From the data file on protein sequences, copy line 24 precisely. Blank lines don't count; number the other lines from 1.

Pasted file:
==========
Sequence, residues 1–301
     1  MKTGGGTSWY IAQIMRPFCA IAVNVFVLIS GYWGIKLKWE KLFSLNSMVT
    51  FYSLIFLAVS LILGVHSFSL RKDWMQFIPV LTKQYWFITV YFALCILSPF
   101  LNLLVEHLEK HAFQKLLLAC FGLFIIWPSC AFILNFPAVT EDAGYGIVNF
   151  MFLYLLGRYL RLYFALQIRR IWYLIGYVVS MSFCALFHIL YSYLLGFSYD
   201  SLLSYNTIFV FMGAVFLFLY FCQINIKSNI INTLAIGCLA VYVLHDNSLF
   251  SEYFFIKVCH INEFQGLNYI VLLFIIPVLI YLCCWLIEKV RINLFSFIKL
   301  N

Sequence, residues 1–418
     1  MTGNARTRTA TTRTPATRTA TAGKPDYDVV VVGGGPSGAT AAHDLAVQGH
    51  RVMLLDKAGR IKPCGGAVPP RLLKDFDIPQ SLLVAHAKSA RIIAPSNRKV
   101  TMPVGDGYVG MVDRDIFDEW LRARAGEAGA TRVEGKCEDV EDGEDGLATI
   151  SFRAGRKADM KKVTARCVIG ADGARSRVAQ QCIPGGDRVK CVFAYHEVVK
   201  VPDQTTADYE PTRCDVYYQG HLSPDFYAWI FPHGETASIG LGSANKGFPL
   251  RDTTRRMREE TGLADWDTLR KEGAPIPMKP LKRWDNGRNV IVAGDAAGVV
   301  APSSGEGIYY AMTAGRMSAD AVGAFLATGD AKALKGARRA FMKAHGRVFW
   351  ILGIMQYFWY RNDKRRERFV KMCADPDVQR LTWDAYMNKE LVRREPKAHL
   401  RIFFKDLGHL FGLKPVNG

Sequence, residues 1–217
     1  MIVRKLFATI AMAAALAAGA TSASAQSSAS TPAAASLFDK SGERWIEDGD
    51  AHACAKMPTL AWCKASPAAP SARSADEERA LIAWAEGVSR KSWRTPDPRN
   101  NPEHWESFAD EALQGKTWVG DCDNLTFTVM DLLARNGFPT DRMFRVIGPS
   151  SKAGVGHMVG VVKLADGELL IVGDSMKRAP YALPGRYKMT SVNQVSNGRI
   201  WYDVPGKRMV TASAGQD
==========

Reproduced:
   201  WYDVPGKRMV TASAGQD